Be a better experience designer

How to be a better user experience designer “The more that you read, the more things you will know. The more that you learn, the more places you’ll go.” — Dr. Seuss, I can read with my eyes shut!

No matter your chosen profession, practicing humility and self-awareness, while embracing the challenge of further education, will make you a great practitioner in any domain.

10,000 hours of practice will make you a Master of anything.

Malcolm Gladwell popularized the theory that it would take anyone, regardless of aptitude, 10,000 hours to master any skill. There have been some debates about this idea and I’ll give you the reason I mention this in a bit, but lets break that down a bit further.

Now 10,000 hours sounds like a shit load of time. However, your passion and drive to pursue anything will determine how far you want to go, and if you’re in it, and you’re loving it, then 10,000 hours isn’t that bad, right?

Lets break it down

Lets say you work an average of 7.5 hours a day, in your profession.

Hours of work calculation 7.5 hours x 5 days = 37.5 hours per week.

37.5 hours per week x 48 weeks per year = 1800 hours per year

10,000 hours / 1800 hours per year = 5.5 years.

Five and half years is what it took for me to become an expert?! I’ve been an Experience Designer for about 8 years and I still have a lot to learn.

I’m willing to investigate further on a subject I know nothing about. Working with clients and colleagues will be a learning experience and there is nothing wrong with admitting you don’t know everything — but I do think I’ve earned my way to having my opinion count for something.

My reason for mentioning the “10,000 hour rule” came about when Jared Spool, described the role of a User Experience Designer as more of a generalist. He goes even further to affectionately bring up the nickname, “Unicorn”.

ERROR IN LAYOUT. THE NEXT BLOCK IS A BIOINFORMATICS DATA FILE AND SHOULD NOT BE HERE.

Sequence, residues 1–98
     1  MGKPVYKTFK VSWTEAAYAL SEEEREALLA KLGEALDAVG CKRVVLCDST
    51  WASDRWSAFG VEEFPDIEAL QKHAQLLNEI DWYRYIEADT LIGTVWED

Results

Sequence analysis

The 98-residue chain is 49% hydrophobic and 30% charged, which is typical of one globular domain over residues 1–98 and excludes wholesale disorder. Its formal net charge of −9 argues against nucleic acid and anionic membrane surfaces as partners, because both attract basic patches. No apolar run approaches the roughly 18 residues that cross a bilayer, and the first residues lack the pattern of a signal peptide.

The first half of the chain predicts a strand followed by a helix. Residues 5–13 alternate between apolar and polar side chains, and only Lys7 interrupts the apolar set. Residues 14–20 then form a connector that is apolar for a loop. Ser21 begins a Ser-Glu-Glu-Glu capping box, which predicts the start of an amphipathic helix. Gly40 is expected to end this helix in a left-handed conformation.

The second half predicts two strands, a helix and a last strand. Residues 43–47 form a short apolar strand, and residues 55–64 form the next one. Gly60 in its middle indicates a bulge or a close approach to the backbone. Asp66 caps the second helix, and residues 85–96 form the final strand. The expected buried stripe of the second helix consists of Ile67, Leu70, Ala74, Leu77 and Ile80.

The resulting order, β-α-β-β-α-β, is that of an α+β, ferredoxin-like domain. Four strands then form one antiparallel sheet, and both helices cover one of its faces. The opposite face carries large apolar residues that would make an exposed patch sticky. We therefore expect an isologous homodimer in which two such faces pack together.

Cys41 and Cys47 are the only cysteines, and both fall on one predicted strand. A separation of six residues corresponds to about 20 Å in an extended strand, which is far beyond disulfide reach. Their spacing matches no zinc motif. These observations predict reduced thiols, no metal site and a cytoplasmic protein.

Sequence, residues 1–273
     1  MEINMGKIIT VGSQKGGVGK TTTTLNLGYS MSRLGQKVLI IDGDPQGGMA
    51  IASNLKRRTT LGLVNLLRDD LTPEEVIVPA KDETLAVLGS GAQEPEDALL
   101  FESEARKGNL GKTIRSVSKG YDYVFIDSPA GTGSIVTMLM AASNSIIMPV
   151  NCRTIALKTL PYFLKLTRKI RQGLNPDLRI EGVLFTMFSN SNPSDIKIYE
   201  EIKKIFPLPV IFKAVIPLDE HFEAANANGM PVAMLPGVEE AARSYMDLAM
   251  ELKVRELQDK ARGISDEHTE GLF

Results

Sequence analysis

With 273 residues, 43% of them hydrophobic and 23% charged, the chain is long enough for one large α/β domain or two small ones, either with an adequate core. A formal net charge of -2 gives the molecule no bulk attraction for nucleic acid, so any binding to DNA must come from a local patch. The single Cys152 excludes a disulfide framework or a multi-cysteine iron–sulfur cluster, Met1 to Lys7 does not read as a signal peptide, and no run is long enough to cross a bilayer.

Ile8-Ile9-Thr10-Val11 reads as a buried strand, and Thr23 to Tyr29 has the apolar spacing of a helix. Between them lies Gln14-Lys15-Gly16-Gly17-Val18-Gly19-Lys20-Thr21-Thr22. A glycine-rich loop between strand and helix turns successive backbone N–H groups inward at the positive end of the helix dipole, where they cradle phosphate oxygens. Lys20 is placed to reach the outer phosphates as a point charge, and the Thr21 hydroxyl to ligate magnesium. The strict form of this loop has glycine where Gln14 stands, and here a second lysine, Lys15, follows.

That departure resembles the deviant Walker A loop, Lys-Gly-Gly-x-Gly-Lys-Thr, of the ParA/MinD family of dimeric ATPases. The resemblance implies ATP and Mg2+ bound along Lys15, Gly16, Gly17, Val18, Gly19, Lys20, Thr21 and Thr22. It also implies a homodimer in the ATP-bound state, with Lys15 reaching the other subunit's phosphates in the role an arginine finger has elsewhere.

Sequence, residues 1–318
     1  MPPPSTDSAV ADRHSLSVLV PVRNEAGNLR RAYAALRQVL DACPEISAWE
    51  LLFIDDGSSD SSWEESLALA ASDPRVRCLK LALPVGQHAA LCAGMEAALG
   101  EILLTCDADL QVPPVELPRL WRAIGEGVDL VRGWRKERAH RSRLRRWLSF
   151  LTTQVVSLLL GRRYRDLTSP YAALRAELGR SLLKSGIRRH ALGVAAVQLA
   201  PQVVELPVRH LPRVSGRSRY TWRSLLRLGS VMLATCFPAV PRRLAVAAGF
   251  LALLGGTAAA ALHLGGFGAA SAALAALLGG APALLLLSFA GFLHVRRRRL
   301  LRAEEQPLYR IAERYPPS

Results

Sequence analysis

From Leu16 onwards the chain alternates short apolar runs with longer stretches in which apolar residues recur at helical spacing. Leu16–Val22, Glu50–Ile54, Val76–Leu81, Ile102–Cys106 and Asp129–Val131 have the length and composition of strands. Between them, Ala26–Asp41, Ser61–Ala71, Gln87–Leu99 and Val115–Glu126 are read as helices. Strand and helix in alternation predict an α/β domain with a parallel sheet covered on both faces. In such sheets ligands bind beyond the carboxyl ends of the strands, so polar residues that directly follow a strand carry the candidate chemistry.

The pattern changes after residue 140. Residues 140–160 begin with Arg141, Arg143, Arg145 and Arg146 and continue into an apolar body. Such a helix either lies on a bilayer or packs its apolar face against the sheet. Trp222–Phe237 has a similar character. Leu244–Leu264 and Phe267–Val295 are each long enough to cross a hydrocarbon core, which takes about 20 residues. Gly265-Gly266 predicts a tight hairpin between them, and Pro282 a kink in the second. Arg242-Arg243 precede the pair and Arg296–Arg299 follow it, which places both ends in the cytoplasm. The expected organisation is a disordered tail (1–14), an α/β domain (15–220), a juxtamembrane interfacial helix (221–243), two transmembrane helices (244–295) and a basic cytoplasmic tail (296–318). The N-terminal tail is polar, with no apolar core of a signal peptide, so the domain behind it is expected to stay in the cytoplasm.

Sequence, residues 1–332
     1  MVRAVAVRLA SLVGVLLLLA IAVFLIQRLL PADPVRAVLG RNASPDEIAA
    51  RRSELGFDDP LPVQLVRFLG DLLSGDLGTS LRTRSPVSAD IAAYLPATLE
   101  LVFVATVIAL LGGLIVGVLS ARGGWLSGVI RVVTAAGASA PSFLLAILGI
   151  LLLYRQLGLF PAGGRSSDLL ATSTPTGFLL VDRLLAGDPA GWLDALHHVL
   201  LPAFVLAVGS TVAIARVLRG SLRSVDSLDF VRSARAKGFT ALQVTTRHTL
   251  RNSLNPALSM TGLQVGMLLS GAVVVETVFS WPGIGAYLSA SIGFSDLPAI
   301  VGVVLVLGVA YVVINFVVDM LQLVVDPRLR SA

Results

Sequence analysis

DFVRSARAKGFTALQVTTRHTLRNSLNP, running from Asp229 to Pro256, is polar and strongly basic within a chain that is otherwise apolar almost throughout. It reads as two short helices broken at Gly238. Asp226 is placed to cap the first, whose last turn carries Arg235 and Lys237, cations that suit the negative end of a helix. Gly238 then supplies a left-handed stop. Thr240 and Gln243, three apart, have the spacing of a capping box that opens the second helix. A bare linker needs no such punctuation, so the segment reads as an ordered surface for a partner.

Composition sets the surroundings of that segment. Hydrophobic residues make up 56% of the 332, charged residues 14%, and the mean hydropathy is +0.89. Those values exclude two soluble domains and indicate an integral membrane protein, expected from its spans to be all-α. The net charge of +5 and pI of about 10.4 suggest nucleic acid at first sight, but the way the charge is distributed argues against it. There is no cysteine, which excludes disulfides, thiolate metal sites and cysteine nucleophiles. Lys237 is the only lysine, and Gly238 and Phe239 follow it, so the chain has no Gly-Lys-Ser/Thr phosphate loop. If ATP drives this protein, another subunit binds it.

The Unicorn

This nickname has been floating around for user experience designers for a while and is described as: someone having an expertise in most areas, such as, Information Architecture, Visual Design, Usability Testing, Copy Writing, User Research Practices, Interaction Design, Information Design, etc.

If you take a look at job boards you’ll see that companies now want it all. If they’re willing to pay for it, then sure. But be careful. There is a supply and demand issue, and where there is a demand, posers aren’t far off.

I’m not above the idea of specializing in something. There are many that would disagree with the notion of being a generalist, but in the age of startups, seeing the value a user experience designer can bring to your business, will put you in a much better spot for innovation.

Being a better user experience designer is doable.

  • Tip One Find a skill you’ve always want to do and do it. Don’t have a client, who cares! Do it for you. There is so much material accessible to you, you can get credible information straight from the source, and with online education apps popping up every week — the sky is the limit.
  • Tip Two Get a mentor, a buddy or someone you know who works in your field and take them out for a beer (or six) and talk shop. Nothing can be more surprising and insightful than to hear a fellow colleague wax poetic about their experiences. Bonus: You get to drink beer.
  • Tip Three Get feedback. It doesn’t have to be other UX professionals, it can be a designer, a CEO, a guy working at the Apple Store. But knowing how your experiments or your work will be perceived, is essential. Iteration is part of the process and even though validation with your users will be factored into your next iteration, don’t exclude some peer/professional critique.
  • Tip Four Share your knowledge! Not to suggest you should start teaching, (or if you are that’s great!), but share what you know with others. You can do this with a blog, via Twitter, on LinkedIn Groups, (which is a great platform with like-minded folks), a lunch-and-learn or on an educational committee.

The idea is to challenge yourself. It’s an exciting career and we’re at an exciting moment where the value seen in an experience designer equals money in the bank! And not just for you, but for the company that wants you as well. So, do not be intimidated or pretentious about being a generalist or a unicorn.

Embrace it.